That’s what Jayson Stark says in today’s column:
Clubs that have spoken with the Tigers say they’re starting to look around for a left-handed reliever. Daniel (Son of Mark) Schlereth is their primary left-hander at the moment — “but I don’t think Jim Leyland trusts him yet,” one exec said.
Interesting. This must mean that David Purcey isn’t enough to make Leyland comfy or Brad Thomas isn’t ready to return anytime soon or … ?
A few overdue thoughts as I work the previous-channel button on my remote, switching between the Tigers and Wings games.
- When a few specific things occur, I know for certain the baseball season is in full bloom — eight games in or not. Two of these things have already taken place in the past 24 hours: the Tigers lose to the Royals and Ryan Raburn makes at least one bone-headed play in the field.
- Speaking of the Wings, if they end up playing the Coyotes in the first round, I’ll have to endure lame Detroit jokes in the media out here.
- Did the Tigers really lose to Bruce Chen? Bruce Chen?
- Slowly — very slowly — I’m gaining confidence in Alex Avila. He was miserable in the opening series in the New York but I suppose that can be chalked up to nerves, right? Since then he’s hitting .357 (entering today, that is).
- I definitely love seeing Will Rhymes as the Tigers’ regular second baseman. You have to wonder if Scott Sizemore is following him and thinking, “what do I have to do to get back on the radar?”
- Did you notice that Robbie Weinhardt is now wearing Jeremy Bonderman‘s old uniform number, 38? No matter the number on his back, I feel 100-percent more comfortable when Weinhardt enters a game than I do Brad Thomas or Ryan Perry.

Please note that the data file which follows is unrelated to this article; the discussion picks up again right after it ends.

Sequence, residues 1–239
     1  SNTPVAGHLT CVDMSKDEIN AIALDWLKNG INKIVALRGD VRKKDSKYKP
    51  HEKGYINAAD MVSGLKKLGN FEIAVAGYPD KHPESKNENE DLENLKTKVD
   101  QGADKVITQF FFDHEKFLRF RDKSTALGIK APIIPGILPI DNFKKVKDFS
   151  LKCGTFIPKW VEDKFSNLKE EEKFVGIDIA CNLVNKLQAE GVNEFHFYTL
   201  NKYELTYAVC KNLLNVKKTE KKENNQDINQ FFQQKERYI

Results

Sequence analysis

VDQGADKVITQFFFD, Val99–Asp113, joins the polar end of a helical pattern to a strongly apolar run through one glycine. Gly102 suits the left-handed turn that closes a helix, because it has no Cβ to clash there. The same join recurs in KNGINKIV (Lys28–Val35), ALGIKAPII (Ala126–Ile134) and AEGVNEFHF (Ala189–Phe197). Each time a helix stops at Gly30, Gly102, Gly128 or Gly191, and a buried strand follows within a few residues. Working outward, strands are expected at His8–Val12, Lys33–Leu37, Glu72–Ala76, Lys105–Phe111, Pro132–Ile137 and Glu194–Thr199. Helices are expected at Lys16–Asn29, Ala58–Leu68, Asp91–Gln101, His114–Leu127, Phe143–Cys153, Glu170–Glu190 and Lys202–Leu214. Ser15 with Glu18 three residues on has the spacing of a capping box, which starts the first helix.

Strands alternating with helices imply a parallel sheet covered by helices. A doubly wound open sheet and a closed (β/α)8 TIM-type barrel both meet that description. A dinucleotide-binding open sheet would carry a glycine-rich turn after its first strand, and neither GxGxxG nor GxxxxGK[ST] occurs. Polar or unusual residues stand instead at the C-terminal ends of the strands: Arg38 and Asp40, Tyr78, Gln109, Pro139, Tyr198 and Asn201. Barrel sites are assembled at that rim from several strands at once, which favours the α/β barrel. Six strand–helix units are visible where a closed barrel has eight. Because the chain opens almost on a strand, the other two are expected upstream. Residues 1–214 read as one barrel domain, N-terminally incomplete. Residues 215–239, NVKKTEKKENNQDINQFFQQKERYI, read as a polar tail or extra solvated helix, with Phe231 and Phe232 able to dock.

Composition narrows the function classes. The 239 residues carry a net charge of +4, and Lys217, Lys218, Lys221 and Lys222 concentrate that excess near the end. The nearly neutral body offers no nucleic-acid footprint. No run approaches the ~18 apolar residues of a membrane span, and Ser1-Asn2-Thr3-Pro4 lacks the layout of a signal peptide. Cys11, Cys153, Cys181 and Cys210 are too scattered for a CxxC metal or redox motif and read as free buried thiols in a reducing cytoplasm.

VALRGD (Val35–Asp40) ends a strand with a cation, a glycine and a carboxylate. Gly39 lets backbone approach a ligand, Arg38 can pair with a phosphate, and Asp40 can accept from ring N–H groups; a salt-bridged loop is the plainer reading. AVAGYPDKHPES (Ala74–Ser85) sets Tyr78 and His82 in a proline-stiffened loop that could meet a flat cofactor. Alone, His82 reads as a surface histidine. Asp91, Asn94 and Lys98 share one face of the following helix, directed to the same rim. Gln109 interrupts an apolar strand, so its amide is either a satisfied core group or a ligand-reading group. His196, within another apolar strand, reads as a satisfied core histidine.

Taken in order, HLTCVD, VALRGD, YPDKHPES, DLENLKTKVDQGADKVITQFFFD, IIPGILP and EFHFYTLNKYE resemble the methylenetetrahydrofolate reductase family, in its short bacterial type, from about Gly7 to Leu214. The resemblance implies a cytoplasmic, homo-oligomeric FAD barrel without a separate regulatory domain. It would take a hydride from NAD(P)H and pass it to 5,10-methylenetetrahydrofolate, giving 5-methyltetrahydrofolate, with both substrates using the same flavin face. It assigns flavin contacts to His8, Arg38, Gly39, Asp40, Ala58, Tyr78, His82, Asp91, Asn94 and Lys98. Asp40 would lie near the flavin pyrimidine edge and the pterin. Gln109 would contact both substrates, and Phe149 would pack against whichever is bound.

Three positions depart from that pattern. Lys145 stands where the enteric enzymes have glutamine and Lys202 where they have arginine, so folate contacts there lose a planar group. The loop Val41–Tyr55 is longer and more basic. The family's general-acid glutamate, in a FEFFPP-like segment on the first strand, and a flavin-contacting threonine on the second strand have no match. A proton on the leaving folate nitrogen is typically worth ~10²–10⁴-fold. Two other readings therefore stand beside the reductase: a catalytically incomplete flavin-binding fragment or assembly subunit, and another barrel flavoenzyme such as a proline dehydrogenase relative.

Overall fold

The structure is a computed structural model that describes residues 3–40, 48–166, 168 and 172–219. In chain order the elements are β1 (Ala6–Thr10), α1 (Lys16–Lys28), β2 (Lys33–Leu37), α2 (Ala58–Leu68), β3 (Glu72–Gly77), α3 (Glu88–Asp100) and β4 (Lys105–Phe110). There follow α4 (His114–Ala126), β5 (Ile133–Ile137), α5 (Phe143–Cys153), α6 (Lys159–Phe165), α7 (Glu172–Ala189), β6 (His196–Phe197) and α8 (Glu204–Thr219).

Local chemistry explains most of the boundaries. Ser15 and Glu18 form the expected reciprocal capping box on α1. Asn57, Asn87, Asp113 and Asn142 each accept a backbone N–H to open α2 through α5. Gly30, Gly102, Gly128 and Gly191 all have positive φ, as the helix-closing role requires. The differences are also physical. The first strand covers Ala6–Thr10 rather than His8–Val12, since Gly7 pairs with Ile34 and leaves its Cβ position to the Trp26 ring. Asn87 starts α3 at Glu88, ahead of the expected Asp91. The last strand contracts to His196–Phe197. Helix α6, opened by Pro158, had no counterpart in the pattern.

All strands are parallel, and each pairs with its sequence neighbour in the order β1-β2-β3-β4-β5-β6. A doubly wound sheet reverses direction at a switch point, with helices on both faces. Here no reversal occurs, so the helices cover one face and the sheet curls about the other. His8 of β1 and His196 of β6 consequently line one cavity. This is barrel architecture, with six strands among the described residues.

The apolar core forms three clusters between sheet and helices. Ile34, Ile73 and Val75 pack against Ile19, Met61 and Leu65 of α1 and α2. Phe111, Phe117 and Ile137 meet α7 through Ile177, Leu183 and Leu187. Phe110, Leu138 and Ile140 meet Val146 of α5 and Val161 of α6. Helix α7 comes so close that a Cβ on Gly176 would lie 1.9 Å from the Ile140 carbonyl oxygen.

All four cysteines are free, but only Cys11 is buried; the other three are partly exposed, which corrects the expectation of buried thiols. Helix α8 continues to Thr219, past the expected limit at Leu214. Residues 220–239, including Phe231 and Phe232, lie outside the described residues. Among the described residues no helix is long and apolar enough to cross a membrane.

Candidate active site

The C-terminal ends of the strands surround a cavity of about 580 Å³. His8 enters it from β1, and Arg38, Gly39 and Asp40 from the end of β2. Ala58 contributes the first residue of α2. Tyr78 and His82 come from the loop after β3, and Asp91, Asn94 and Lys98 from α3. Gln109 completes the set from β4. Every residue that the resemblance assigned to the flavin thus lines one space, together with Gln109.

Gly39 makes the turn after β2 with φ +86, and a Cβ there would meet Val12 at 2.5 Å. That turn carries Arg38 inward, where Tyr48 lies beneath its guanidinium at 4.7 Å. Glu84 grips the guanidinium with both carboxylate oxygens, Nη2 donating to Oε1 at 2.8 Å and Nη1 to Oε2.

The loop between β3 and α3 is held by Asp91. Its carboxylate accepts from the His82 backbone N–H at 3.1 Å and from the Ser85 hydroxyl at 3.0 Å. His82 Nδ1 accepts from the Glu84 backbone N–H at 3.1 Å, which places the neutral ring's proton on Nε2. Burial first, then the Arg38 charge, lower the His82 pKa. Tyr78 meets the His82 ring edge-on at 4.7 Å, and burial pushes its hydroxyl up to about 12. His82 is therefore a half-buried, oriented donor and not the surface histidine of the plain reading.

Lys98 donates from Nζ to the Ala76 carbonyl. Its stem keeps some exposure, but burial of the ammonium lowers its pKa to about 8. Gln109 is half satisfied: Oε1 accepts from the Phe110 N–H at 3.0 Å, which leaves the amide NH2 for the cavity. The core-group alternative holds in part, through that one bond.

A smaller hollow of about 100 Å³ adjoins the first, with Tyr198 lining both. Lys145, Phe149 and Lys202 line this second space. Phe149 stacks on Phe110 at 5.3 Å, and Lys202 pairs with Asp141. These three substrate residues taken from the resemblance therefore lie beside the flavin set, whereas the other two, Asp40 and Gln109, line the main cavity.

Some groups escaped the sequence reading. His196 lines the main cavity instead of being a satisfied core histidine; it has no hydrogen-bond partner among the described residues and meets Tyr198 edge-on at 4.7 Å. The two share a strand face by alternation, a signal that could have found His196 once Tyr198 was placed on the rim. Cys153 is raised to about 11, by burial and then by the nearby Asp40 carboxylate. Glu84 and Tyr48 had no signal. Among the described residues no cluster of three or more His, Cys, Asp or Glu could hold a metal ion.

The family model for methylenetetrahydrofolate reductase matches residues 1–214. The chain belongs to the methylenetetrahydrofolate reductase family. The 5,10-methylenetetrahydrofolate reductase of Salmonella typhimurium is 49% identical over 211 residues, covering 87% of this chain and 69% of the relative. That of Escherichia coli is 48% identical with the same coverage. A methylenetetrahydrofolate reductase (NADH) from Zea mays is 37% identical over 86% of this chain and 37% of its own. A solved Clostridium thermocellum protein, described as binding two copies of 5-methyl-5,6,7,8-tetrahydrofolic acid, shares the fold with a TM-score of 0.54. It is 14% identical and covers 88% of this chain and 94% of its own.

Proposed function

- Happy 47th Birthday to Eric King. In two stints with the Tigers (1986-88, ’92), he appeared in 128 games for the Tigers as a starter and bullpen guy, posting a 25-20 record, 16 saves and a 4.23 ERA.
- Manny Ramirez. As the Boston Globe’s Bob Ryan once said on the old Tony Kornheiser radio show, “Ramirez will never be confused with a member of Mensa.”
- I’ve heard from many of you about the next episode of the podcast. Hang with us. Ian and I have had trouble aligning calendars — the trouble coming from my end — but we’ll be back soon. Promise.
Finally, happy 82nd birthday to actress Liz Sheridan, who played Jerry’s mom on “Seinfeid.”
28-25, 2nd place; 2.5 GB of Minnesota
Tigers @ Royals | 8:05 p.m. ET – Kauffman Stadium | On the air: FSD/AM 1270 and 97.1 FM
Max Scherzer (2-4, 6.42 ERA) vs. LHP Bruce Chen (1-0, 2.70 ERA)
Tigers 12 – Indians 6
Tigers History Lesson
On this Date in Tigers History
- 1996 — 21-year-old right-hander Pamela Davis pitches one inning of scoreless relief for the Tigers’ Double-A affiliate and gets the win in a minor-league exhibition game. She is believed to be the first woman to pitch for a major league farm club under the current structure of the minor league system. The win comes at the expense of the Australian Olympic team.
- 1990 — The Tigers acquired RHPs Lance McCullers and Clay Parker from the Yankees for C Matt Nokes.
Two weeks ago I wrote that the Tigers had few options for the struggling Max Scherzer.
Given their inconsistent rotation, I couldn’t see them sending him to the minors.